Two sources on “Maniac” also claimed that Fukunaga liked to surround himself with young women. “We used to call it his fan club,” one said. “I’d be like, ‘Why the hell are all these young girls always hanging around like puppy dogs?’”
After Vinberg and the Loesch twins came forward, more of Fukunaga’s former partners commented. Margaret Qualley, who was romantically linked to Fukunaga in 2017, “liked” Vinberg’s post about “gaslighting” men on Instagram. Kristine Froseth, who also dated Fukunaga, shared Vinberg’s initial statement about Fukunaga in an Instagram story alongside posts about the stages and signs of grooming. Model Lizzie Swanson and her boyfriend, actor Charlie Plummer, who co-starred with Froseth on Hulu’s “Looking for Alaska,” also reposted Vinberg’s claims.
Swanson told Rolling Stone that she “knew Cary for a time and though he never physically acted upon anything, the emotional and mental patterns and manipulative tactics” that she experienced “are very, very much the same” as those Vinberg referred to.
“It’s absolutely fucked up and disgusting,” Swanson wrote. “I believe them and stand by them fully. He needs to be stopped.”
In 2021, Fukunaga was accused of firing “True Detective” actress Raeden Greer for refusing to be topless in a scene that was not in the original script. Greer was cast as an exotic dancer but nudity was not disclosed in her contract.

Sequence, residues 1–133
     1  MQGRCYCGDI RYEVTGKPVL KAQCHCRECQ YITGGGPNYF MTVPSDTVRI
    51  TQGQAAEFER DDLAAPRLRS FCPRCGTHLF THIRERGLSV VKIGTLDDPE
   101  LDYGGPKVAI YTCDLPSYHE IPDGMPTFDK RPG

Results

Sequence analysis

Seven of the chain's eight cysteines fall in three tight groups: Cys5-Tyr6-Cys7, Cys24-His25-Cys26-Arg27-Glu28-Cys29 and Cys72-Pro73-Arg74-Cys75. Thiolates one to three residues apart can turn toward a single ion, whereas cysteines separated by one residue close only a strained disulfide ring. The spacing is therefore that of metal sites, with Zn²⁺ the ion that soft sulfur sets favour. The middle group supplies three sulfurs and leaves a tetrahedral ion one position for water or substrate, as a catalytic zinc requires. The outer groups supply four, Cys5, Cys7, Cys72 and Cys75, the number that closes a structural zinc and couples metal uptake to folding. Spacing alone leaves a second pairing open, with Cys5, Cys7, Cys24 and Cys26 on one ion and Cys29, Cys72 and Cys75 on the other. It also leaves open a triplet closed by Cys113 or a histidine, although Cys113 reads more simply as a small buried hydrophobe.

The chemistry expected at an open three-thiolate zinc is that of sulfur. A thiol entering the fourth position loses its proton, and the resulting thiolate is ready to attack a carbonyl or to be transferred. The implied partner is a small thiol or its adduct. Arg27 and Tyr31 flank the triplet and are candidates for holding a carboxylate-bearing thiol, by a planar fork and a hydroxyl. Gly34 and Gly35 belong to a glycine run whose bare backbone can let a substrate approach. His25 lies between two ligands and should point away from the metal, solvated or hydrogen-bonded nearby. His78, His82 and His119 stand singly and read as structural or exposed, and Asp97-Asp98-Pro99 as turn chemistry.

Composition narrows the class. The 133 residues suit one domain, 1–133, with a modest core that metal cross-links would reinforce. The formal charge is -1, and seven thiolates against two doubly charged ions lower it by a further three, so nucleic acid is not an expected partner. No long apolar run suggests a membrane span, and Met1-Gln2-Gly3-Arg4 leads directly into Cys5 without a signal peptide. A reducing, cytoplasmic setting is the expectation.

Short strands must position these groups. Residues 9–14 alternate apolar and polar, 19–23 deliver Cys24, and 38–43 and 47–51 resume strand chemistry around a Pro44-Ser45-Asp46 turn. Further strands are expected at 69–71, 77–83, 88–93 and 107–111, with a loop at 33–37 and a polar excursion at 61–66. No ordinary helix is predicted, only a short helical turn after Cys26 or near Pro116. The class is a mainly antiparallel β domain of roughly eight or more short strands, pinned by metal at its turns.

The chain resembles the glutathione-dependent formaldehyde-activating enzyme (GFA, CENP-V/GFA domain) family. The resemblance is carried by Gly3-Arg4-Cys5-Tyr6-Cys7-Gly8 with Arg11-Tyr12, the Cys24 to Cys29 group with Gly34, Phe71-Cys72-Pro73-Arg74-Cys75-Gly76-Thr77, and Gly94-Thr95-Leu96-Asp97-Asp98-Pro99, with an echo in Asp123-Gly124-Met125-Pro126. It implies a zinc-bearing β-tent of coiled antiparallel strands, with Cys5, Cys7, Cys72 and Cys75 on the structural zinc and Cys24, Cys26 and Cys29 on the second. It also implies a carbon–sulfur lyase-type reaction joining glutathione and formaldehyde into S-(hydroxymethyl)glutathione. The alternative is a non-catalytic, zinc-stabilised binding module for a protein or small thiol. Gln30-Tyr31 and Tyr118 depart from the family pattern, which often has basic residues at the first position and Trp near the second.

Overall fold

“Cary said to me at that moment, ‘Everybody on this show goes topless. All the women on the show go topless. Your character is a stripper, so you have to,'” Greer told The Daily Beast last year. “He was trying different things to convince me that it’s not a big deal. It [was] going to be very tasteful, or it’s just gonna be really insignificant in the background. I was like, ‘Well, if it’s so insignificant, why is he so insistent that I have to do this?’ It was just on and on and on with no budging.”
Greer called the encounter “degrading” and “humiliating.” She was later let go from the project in 2013.
Now in 2022 amid similar allegations of firing cast and crew members based on sexual preference and rebuffed advances, Fukunaga’s attorney states that the director “does not even make final hiring decisions. As with most directors, his hiring process is done in conjunction with many people and is based on an individual’s talent qualifications and whether they are the right fit for the project.”
Fukunaga’s former writing partner Nick Cuse voiced support for Vinberg and the Loesch twins. He wrote in his own Instagram Story that Fukunaga is the “worst human being I have ever met in my life,” saying that the way Fukunaga treats non-celebrities “is horrible.”
Cuse, who worked as a consultant on “No Time to Die” and was a co-producer and writer for “Maniac,” continued, “He didn’t groom me to fuck me, but he did use a lot of the same tactics to get me to write his scripts for him, which he would then put his name on. One time, after me spending three weeks on a script for him, he told me to open up the cover page and type his name under ‘Written By.’ I had to literally type in the stolen credit with my own fingers.”
The “No Time to Die” director formerly spoke out against Sean Connery’s past interpretation of James Bond, saying the vintage character “basically rapes a woman” in “Thunderball” and “Goldfinger.” Fukunaga helped enlist Phoebe Waller-Bridge to co-write “No Time to Die” with a feminist perspective.
A “Masters of the Air” production source told Rolling Stone that the director “does that masquerade” of trying to seem feminist. “He does things to sort of hide behind,” the source said. “‘Look I can’t possibly hurt women, I hire women. I do things for women.”
You can read the entire story at Rolling Stone.